All About Estates

When Is A Signature Not A Signature?

Under the Succession Law Reform Act (SLRA), a will or codicil must be “signed” to be valid. The case of BMO Trust Company v. Cosgrove, 2021 ONSC 5681 considered what handwritten form of a person’s name constituted a signature.

Nola Louise Bogie hired a lawyer to prepare her will. However, by 2017, Ms. Bogie’s lawyer had been suspended by the Law Society of Upper Canada (as it was then known). Accordingly (one can assume), on August 21, 2017 she created a handwritten codicil (accompanied by a typed transcription). The codicil made extensive changes to her will. It concluded as follows:

“End of page 3 of the Codicil for the Last Will and Testament of me, Nola Louise Bogie

Signed, Published and Declared by the said Testatrix, Nola Louise Bogie, at the City of Toronto, in the Municipality of Toronto, in the Province of Ontario,

As and for her Codicil as an attachment amending her Last Will and Testament.

Dated on: [left blank]”

Shortly thereafter, on September 12, 2017, Ms. Bogie contacted to Law Society (which had her lawyer’s files) and asked for a copy of her will. She noted that she had “hand written a Codicil (not yet signed).” She died almost three years later, on August 12, 2020. The estate trustee’s agent, BMO Trust, brought an application for directions as to whether the handwritten codicil was valid. The application was heard by Justice Dietrich.

Under the SLRA, a holograph/handwritten codicil is valid if it is made “wholly by his or her own handwriting and signature” and is not invalid if “the signature is placed among the words of a testimonium clause or of a clause of attestation.” Here, Ms. Bogie wrote her full name twice, in handwriting, the attestation clause. Additionally, the record demonstrated, that Ms. Bogie’s signature was indistinguishable from how she handwrote her name.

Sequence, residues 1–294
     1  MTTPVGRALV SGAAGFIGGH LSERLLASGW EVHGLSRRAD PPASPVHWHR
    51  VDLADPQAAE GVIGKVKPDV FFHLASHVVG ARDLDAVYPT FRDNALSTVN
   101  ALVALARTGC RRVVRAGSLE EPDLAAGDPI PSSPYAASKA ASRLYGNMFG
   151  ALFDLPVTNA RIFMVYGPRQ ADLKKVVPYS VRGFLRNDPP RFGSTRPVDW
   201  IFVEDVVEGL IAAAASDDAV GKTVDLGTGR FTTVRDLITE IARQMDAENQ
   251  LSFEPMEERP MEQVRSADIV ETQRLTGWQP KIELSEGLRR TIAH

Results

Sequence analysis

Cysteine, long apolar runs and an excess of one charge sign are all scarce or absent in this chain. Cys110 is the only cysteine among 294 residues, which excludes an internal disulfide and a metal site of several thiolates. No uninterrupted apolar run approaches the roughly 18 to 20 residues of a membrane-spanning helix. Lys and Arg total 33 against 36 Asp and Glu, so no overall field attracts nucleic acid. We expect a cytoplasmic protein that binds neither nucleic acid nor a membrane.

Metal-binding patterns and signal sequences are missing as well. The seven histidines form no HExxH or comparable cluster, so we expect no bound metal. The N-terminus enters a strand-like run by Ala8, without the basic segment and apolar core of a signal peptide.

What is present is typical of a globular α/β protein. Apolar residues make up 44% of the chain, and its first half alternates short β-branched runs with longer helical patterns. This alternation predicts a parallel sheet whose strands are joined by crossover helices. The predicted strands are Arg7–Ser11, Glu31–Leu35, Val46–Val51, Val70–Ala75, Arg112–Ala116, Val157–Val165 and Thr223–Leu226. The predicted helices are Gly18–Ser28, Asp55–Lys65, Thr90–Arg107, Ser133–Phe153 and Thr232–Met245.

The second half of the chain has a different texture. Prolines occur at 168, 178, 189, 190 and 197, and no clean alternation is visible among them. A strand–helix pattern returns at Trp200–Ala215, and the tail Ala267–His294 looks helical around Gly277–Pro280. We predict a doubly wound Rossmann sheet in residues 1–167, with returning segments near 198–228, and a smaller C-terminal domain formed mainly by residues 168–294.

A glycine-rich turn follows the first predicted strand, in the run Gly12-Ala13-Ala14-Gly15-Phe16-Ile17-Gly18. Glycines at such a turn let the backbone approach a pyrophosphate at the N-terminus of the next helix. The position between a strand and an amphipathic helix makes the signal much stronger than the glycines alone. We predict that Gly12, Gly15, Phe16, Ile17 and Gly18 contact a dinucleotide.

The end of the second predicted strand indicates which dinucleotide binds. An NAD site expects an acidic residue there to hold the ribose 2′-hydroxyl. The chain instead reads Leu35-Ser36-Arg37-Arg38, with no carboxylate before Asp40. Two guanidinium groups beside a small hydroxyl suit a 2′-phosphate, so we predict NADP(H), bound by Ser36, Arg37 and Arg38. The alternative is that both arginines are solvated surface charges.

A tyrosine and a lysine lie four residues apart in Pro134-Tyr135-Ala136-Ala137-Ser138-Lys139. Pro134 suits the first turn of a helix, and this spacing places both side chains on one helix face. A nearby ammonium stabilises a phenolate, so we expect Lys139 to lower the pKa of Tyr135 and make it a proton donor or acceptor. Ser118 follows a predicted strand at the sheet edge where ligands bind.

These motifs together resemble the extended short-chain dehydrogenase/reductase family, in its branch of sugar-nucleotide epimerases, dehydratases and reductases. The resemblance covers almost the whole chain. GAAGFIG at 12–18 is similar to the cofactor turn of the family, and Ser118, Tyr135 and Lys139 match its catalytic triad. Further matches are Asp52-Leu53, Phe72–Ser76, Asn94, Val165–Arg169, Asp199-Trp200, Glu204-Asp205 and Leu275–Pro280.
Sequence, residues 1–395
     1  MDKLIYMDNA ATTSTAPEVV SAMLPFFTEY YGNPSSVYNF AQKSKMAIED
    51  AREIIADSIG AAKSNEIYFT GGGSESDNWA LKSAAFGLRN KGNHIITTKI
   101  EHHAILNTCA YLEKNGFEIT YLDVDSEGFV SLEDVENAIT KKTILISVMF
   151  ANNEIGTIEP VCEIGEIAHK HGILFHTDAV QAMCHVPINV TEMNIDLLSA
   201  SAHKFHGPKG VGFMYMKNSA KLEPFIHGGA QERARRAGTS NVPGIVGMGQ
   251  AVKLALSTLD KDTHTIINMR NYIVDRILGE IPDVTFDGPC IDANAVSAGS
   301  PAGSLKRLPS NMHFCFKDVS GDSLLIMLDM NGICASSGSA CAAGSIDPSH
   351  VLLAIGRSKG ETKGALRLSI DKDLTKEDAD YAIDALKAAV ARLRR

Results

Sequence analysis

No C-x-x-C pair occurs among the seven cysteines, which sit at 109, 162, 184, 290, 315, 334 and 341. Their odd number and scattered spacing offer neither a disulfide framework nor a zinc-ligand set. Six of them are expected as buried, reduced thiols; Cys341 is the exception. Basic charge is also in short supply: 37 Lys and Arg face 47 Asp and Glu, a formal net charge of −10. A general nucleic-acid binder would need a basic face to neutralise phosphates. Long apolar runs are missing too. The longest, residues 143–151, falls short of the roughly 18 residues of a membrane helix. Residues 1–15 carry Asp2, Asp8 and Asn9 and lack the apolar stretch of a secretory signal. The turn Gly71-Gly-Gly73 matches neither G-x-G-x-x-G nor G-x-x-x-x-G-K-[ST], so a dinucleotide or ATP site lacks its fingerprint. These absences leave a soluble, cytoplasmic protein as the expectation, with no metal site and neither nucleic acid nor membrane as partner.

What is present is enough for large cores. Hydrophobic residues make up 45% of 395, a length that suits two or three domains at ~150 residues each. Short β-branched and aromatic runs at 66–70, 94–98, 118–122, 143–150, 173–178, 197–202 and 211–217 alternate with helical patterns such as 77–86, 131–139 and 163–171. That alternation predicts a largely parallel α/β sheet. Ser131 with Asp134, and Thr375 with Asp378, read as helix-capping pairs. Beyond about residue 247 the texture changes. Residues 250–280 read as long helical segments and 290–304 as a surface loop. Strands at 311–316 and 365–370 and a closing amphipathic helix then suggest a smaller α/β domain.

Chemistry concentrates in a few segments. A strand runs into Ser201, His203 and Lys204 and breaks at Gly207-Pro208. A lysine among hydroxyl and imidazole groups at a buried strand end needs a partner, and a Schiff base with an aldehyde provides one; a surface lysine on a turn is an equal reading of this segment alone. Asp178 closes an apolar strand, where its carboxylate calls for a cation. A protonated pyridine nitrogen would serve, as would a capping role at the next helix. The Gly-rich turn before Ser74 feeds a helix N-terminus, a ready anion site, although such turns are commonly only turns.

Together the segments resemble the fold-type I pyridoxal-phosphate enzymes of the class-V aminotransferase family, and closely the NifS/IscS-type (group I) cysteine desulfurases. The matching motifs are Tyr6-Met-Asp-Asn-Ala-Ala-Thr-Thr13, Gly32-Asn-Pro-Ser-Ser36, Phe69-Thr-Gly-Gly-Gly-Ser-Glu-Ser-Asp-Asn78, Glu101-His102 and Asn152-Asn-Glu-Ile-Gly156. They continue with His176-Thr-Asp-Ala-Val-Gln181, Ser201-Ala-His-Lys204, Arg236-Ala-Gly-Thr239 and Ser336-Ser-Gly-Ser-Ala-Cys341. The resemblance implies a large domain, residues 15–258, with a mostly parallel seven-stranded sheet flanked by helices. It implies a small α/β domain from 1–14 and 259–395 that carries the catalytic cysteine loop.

Justice Dietrich held: “What distinguishes a “signature” from writing out one’s name in long hand, for the purposes of this analysis, is that, it must be apparent that what is alleged to be the act of signature was specifically intended by the testator to give legal effect to the document.” Here, the blank space next to the “Dated on:” provision indicated that Ms. Bogie intended to sign and date the codicil. Subsequent to her writing her name twice in the attestation clause, she advised the Law Society that she had “hand written a Codicil (not yet signed)” – indicating that she did not believe that her handwritten name was her signature.

Accordingly, Justice Dietrich found the codicil to be invalid and held it should not be admitted to probate. In her view, it was reasonable for BMO Trust to have brought the application and approved its fees (subject to a passing of accounts, if any).

This case shows some of the pitfalls that can arise when a person drafts their own testamentary documents. Ms. Bogie had clearly turned her mind to setting out her wishes in the codicil but, for whatever reason, never signed it.

About Jacob Kaufman
Jacob Kaufman is a lawyer with de VRIES LITIGATION LLP. Jacob assists clients with will challenges, dependant support claims, guardianship applications, power of attorney disputes and other estate and trust litigation matters. He has appeared before various levels of court, including the Superior Court of Justice and the Court of Appeal for Ontario. Jacob obtained his law degree from the University of Western Ontario (with distinction) after completing an Honours Bachelor of Arts degree from Queen’s University in history (with distinction). He has written articles for the International Law Office, Legal Alert and the OBA’s Deadbeat. Email: jkaufman@devrieslitigation.com

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